School children all learn how the dinosaurs disappeared: 66 million years ago, these enormous omnivorous ancestors dominated the planet until an asteroid (or comet) struck the Earth, wiping out the population and bringing about a mass extinction. If you were a dino living at the end of the Cretaceous period, you were pretty much doomed.
However, new research published in the journal Biological Reviews suggests that the dinosaurs may have been able to escape extinction if the asteroid had hit about a million years earlier or later than it actually did. This has to do with whether the population was declining or thriving at the time of the extinction, a question that has long divided paleontologists. While many groups were flourishing, the researchers found that two major groups of herbivores (the duck-billed dinosaur and a group of horned dinosaurs including the Triceratops) native to North America suffered greatly and their numbers declined.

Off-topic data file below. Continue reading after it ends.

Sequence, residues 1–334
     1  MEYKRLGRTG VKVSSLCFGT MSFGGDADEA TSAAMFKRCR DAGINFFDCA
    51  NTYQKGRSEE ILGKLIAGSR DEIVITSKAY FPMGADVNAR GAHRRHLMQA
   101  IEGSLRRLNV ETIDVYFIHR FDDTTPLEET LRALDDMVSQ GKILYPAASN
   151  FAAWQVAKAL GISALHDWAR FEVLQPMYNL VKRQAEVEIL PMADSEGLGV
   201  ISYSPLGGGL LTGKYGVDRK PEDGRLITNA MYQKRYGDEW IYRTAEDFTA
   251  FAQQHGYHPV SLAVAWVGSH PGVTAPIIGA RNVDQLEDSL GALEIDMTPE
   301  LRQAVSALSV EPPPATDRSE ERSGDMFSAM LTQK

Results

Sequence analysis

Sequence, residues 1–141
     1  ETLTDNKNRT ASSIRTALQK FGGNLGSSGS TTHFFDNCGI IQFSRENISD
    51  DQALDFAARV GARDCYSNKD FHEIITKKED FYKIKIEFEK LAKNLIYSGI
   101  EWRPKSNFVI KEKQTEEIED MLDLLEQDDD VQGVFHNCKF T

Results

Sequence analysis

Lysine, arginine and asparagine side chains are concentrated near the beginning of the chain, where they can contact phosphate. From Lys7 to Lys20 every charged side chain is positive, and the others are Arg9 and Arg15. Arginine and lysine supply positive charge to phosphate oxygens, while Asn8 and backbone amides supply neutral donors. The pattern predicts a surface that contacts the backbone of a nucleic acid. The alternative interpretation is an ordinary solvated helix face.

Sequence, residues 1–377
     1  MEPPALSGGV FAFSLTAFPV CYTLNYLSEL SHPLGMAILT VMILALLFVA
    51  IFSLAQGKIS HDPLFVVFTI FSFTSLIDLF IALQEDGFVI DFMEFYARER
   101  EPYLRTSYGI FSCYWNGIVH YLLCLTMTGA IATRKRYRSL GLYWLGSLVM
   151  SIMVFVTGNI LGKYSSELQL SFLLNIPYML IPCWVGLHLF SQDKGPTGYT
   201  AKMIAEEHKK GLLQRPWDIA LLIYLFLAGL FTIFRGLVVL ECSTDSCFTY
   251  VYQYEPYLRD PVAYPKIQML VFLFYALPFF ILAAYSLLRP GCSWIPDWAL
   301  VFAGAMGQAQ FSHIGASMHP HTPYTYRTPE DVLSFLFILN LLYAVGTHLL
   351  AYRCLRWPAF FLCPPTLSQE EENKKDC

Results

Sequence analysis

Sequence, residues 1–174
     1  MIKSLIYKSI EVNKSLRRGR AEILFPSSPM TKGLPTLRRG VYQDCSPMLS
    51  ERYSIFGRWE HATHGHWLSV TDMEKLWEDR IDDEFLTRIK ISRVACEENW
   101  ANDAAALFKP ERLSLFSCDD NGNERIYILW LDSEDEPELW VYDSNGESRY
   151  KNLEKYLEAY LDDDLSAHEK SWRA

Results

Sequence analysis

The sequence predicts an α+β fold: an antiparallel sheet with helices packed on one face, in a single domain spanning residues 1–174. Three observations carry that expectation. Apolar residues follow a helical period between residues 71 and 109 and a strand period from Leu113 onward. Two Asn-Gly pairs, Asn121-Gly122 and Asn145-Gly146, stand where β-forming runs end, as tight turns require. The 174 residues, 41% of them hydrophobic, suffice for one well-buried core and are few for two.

An article in Nature illuminates why this might have hurt so badly:
Computer simulations suggested that just a small change in dinosaur diversity made ecosystems much more likely to collapse after big environmental perturbations — such as widespread climate change brought on by an asteroid impact. Plants would have withered up; plant-eating dinosaurs would have starved; and meat-eating dinosaurs would have had little to prey on.
There isn't much of a point to speculating about what could have been if brontosauruses still roamed the planet, but the study does illustrate the tenuous nature of existence and how human civilization is a happy accident that could be snuffed out basically for no reason at all. Let's all call our moms to say we love them.